A family sit in the Kyiv subway, using it as a bomb shelter in Kyiv, Ukraine, Friday, Feb. 25, 2022. In Ukraine's capital, many residents hurried underground for safety overnight Thursday and Friday as Russian forces fired on the city and moved closer. (AP Photo/Emilio Morenatti)

Opinion: Thoughts of my friend and the devastation of her home in Ukraine

It’s easy to forget how much Ukraine has endured. During WW2, millions were lost to fighting, being captured, and the horrors committed against Jewish populations. Almost 100,000 lives were lost near Kharkiv alone in one battle, with thousands more lost in the years prior. Kharkiv, though some 450 kilometers away, even felt the impact of the Chernobyl disaster, as many evacuees escaped to it far outside the contaminated areas. Surprising how easy it is to forget these events, though they happened not even a lifetime ago. Surprising how far they have come since, and how much beauty could be managed after so much loss.

It was mostly overcast during my time in Kharkiv. While there, I got to meet senior base scientists who had worked on the Soviet lunar program – a difficult meeting, due to having no translator. I saw many other reminders of Ukraine’s past membership in the former Soviet Union during my stay; much of Soviet architecture is cookie-cutter – the same style of building built throughout, many bearing shadows of the past. Looking back though, it’s not the architecture I find myself returning to; instead, my mind goes to playgrounds I saw near the center of town. With everything happening, I can’t help wondering what will become of them.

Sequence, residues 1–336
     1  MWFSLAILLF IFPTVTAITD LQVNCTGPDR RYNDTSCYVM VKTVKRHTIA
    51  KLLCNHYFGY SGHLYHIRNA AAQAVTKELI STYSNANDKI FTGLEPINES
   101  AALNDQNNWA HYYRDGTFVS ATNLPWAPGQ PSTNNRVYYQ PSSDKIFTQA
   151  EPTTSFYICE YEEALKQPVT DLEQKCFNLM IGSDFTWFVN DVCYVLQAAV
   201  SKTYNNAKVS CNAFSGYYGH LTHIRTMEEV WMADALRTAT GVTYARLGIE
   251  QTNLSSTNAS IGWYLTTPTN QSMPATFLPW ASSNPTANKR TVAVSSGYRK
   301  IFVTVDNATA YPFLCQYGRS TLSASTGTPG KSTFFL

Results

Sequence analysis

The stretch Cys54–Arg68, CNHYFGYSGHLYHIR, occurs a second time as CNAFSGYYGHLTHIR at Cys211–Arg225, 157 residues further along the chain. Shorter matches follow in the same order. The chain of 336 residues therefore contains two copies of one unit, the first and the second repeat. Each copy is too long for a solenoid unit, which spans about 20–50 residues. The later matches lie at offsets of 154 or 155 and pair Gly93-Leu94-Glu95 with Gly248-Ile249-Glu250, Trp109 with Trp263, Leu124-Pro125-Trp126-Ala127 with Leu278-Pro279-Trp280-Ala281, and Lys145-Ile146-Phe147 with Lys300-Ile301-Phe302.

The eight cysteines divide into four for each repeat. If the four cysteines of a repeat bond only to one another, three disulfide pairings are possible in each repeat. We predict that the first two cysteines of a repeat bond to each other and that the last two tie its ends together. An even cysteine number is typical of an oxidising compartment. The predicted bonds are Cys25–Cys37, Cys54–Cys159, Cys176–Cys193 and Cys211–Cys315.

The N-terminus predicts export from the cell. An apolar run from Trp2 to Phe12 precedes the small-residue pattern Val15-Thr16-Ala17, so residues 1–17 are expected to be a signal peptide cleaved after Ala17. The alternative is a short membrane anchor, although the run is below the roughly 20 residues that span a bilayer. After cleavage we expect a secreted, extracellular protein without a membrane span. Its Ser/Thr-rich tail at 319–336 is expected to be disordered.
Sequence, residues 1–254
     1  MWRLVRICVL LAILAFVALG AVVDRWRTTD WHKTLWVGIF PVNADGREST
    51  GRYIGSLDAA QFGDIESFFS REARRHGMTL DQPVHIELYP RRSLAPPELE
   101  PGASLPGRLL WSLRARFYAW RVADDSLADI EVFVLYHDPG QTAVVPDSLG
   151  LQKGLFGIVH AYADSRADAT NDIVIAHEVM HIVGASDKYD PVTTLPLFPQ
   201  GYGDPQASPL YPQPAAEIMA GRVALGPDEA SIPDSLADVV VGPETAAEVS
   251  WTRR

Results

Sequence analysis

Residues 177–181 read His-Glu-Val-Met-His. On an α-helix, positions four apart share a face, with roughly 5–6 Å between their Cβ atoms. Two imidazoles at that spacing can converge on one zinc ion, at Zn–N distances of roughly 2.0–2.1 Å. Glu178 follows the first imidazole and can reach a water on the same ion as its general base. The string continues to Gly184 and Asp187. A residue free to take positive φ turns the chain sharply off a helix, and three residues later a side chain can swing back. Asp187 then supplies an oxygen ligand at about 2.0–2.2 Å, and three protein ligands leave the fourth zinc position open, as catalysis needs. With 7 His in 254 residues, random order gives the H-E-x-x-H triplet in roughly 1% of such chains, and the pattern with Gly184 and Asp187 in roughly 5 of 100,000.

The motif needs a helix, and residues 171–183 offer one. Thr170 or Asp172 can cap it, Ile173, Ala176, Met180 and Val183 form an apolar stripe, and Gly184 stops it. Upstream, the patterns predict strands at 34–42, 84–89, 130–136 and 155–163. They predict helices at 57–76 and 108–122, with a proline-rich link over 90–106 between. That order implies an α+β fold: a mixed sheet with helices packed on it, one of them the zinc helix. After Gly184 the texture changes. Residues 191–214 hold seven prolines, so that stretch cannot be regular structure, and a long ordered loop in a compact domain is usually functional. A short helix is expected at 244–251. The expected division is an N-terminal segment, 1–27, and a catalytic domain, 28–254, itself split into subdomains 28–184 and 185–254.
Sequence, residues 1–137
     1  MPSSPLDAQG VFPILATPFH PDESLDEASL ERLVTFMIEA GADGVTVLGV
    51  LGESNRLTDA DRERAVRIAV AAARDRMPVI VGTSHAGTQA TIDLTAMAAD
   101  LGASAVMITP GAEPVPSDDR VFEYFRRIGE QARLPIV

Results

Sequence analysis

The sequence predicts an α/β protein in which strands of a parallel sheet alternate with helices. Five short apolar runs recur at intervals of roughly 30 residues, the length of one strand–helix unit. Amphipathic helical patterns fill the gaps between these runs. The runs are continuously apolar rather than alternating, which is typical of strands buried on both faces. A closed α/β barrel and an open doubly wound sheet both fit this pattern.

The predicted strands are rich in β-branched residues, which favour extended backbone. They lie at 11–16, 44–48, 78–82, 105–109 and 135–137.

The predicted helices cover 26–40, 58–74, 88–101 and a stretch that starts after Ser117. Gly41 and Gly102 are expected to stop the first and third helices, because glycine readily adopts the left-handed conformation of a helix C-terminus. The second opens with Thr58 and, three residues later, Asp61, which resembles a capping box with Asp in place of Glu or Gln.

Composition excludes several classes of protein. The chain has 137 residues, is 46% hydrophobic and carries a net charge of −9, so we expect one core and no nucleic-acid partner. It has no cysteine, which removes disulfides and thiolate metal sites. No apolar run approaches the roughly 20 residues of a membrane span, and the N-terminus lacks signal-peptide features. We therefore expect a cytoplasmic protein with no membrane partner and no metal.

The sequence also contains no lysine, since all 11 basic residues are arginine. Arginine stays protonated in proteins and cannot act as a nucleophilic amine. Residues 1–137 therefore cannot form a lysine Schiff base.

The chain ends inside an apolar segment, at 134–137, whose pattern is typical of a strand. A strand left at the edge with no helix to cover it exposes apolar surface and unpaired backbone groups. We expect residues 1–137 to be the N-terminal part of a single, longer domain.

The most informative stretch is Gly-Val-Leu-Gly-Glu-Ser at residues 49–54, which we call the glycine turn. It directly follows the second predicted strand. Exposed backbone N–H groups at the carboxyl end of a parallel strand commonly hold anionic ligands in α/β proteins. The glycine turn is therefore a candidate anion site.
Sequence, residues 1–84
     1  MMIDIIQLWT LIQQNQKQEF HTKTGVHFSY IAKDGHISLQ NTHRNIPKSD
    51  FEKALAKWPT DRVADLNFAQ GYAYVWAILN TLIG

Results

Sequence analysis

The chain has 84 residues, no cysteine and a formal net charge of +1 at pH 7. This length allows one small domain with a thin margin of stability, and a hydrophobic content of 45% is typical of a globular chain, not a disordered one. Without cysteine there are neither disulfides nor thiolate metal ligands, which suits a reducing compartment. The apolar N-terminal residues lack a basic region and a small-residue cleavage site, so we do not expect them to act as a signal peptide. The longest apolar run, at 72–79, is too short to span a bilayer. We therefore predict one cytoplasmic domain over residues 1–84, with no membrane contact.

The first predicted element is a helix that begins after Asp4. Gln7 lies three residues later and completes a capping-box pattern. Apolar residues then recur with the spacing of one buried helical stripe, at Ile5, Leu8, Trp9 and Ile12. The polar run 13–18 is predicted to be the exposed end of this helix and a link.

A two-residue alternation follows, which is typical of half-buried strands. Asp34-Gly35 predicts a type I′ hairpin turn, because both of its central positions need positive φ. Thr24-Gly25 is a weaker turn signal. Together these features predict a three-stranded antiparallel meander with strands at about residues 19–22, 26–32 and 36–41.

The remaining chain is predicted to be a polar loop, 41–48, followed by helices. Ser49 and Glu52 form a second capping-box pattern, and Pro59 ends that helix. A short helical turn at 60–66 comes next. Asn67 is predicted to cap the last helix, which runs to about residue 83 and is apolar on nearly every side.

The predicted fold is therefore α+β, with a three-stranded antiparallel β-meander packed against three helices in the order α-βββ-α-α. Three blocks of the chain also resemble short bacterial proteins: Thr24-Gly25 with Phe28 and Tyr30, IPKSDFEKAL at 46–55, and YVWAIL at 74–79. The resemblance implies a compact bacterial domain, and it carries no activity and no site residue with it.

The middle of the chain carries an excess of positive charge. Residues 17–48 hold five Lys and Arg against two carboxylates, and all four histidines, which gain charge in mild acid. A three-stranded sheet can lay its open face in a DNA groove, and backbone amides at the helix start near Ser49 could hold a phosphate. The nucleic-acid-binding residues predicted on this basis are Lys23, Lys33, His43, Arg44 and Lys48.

I heard from my colleague from Kharkiv again. She had been under bombardment for 14 days – 11 days more since I last heard from her. Somehow though, that is the least of what she had to share. To start, she and her family evacuated. They safely reached Warsaw, Poland, though they were under bombardment throughout the trip. They spent 18 hours on the train – twice as slow as the trip normally is. Many people were trying to get out: three people would share two seats, four would share three, people seated in the aisles, and men standing. She said there were many trains leaving Kharkiv, but so many more people.

Before she got out, time was mostly spent hiding; under constant bombardment, there is little else that makes sense to do. As of the 11th, her first day safe, Kharkiv’s mayor announced that more than 400 multistory buildings had been destroyed, along with infrastructure throughout the city. With a temperature of -18℃ that night, it was a hard one to spend without a roof or heat.

Taxis delivered people to the station, between clearing rubble and delivering humanitarian aid. Her taxi driver took them for free – he took everyone under shelling for free, as he said money didn’t matter. Though my friend and her family are now safe, it’s clear that despite the best efforts of kind people, many aren’t. After hearing all she had to share, I found my mind returning to those playgrounds again. I hope somehow after all of this that they are still there. I pray that they will be able to safely be used again.

Austin Mardon is an adjunct faculty member at the University of Alberta, a member of the Order of Canada and a fellow of the Royal Society of Canada.

Jonathan Wiebe is currently pursuing a Master of Arts in Counseling Psychology at Yorkville University.